Redwood City, Calif. — High school math students are given a chart of different speeding fines in Massachusetts, Florida and New York, and are asked to calculate how much a fine would cost at different speeds in different states.
In another classroom, third graders are asked to imagine a lemonade stand and figure out how many lemons, cups and other supplies they’ll need to set it up. The test might ask: “Imagine you are at your very own lemonade stand. What would you do to prepare it? How might you keep track of the number of cups you sell?”
These questions, called Performance Tasks, are the kinds of things public school kids across the country will be tested on with Smarter Balanced Assessments as part of the new Common Core State Standards.
Educators this reporter spoke to on and off the record were unanimous that Common Core has excellent potential for high-achieving students, and Subathra Ramanathan was no exception. Ramanathan is an Indian American student teacher at North Star Academy, a magnet school in Redwood City that serves gifted students in grades 3-8.
“I think that the CCSS provides a way in which some of the high achieving kids can widen their repertoire of learning,” she told India-West. “Simultaneously, the CCSS also allows the curriculum to slow down so that students can demonstrate in multiple ways that they are ‘getting’ something.”
In an effort to bring their teachers up to speed with the standards and the ways kids will be tested on them, school districts around the country are offering specialized, in-depth training sessions.
An India-West reporter and other ethnic news reporters sat in on one such session, at the headquarters of the Redwood City School District here. Two dozen public school teachers are gathered in a conference room, hashing out the ways they will make sense of the new Common Core State Standards — while not only teaching their kids, but testing them at the same time. One gets the feeling it is like learning to surf in 30-foot waves.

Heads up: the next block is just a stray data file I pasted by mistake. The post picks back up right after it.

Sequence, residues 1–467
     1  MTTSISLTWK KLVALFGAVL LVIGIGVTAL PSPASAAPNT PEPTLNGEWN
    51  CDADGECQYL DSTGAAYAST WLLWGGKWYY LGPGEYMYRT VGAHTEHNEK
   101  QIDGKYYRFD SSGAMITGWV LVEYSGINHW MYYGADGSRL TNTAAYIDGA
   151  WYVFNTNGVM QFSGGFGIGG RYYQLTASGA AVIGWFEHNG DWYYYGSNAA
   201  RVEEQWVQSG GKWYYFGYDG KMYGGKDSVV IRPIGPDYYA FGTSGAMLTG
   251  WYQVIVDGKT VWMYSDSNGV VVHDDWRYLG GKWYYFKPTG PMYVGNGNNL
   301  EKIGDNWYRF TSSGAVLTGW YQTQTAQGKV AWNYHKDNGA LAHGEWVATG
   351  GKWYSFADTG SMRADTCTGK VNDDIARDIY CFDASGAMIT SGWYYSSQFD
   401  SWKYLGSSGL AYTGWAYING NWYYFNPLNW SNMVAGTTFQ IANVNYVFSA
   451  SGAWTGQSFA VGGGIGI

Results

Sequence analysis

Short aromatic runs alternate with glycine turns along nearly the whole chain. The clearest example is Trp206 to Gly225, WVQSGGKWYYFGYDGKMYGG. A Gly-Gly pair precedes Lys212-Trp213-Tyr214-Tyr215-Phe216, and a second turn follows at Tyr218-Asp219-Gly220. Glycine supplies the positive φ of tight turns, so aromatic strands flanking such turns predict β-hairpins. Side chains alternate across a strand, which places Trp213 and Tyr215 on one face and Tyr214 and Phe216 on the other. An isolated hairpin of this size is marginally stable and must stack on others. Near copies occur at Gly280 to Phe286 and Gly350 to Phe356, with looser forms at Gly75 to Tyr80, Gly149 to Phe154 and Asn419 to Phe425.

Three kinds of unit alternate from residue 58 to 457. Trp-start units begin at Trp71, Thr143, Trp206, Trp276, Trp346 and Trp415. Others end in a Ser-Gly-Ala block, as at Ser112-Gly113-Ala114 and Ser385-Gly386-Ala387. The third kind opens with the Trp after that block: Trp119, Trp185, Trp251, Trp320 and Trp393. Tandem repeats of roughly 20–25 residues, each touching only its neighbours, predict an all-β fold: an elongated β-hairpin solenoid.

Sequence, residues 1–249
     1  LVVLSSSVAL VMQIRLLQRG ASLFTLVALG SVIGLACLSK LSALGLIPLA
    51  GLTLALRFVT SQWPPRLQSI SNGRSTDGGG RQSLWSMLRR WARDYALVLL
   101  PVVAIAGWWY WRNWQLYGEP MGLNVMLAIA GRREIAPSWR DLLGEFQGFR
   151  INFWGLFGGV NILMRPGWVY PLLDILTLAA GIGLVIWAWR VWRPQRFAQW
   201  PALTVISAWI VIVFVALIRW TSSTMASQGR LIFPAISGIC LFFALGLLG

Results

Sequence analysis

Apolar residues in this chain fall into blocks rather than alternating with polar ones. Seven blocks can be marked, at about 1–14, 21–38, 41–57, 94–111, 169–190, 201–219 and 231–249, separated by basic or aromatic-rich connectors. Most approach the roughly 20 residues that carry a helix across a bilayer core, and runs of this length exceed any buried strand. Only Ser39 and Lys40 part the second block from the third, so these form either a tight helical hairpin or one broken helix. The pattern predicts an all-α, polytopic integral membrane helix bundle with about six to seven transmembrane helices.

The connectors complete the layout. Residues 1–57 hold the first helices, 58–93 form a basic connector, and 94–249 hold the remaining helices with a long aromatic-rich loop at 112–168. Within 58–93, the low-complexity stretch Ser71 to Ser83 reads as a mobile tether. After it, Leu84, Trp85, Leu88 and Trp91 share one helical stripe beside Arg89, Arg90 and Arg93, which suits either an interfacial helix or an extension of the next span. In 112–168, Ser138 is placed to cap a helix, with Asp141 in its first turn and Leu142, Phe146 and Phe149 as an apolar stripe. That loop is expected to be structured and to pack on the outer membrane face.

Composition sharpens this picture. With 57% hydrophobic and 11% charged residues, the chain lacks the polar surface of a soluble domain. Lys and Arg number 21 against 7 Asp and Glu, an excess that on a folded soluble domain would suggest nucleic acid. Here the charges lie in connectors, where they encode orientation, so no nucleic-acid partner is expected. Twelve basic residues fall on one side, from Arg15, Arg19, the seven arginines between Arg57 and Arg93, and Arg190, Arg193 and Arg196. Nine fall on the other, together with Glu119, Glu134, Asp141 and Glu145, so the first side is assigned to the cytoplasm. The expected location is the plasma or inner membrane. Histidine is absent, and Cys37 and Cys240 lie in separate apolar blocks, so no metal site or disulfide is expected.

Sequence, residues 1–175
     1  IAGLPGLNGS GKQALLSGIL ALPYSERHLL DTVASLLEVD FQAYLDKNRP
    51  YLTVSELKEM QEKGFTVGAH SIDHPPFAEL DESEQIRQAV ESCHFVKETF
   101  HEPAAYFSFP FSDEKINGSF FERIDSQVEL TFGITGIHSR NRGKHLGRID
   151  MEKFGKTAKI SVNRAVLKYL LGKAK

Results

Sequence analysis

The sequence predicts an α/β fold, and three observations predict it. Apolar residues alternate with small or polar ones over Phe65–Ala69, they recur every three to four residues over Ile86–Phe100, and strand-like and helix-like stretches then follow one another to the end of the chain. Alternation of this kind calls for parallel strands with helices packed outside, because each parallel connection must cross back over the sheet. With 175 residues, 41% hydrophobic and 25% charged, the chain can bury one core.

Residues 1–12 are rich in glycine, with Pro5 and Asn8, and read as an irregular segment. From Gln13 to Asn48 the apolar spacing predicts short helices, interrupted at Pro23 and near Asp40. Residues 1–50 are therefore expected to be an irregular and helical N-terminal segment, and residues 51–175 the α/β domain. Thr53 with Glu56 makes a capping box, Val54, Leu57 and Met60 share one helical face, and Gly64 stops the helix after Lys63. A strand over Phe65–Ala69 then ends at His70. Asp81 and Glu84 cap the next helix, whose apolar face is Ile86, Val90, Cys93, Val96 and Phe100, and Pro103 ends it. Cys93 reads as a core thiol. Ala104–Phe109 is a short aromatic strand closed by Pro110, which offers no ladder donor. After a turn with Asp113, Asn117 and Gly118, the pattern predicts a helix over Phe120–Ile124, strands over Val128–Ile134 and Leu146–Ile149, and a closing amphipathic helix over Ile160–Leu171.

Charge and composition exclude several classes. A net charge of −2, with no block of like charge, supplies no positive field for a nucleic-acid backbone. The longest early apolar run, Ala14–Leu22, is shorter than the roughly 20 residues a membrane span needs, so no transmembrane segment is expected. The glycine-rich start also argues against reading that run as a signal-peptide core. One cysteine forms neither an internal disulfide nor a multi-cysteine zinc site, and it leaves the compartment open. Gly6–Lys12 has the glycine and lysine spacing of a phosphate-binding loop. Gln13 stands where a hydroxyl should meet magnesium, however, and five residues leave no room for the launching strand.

This article is part of our four-part series about the standards, which were officially put in place in California in 2010 but are only now reaching the critical phase of assessment, or testing (see part one here).
“How are we going to prepare our kids when we can’t ‘game’ the test?” quips Cheryl Bracco, principal of the Redwood City School District. “There are times where they can’t get the answer, per se, but if they can show the logical sequencing and critical thinking that led to their answer, they may get full credit.”
Bracco is talking about the Smarter Balanced Assessments, which will be administered in 3rd-through-8th grade, and 11th grade, classrooms around the state in April and May of 2015.
(A future article in this series will explore testing in more detail).
The tests will be administered online, using handheld computers, laptops and netbooks. As with much of the Common Core material, acing it isn’t about memorizing facts and spitting them out: it’s about deeper understanding of fewer subject areas, and cultivating the ability to express what one’s learned to peers and teachers.
Forty-six states have adopted CCSS guidelines. The California State Board of Education adopted the Common Core State Standards in August of 2010, and it will take several years to fully implement them in terms of curriculum, instructional materials and assessments, though some schools have made good progress already thanks to grants from the California Academic Partnership Program and other agencies.
The CCSS differ from previous methodologies by stressing English Language Arts as a core element of science, history, math and even physical education — and by working more directly toward college- and career-readiness by emphasizing skills such as critical thinking, communication and collaboration.
Cregg Ramich, Curriculum and Instruction Specialist for the South San Francisco Unified School District, said in a conference call with ethnic media that the entire paradigm has changed from a teacher’s perspective.
“In a typical classroom from our generation, you see the teacher up front, showing examples of how to take math problems through the steps to a solution. The teacher would do some, the students would follow the example of the teacher, and then get many smaller problems to solve on their own. And their homework would have the same problems.”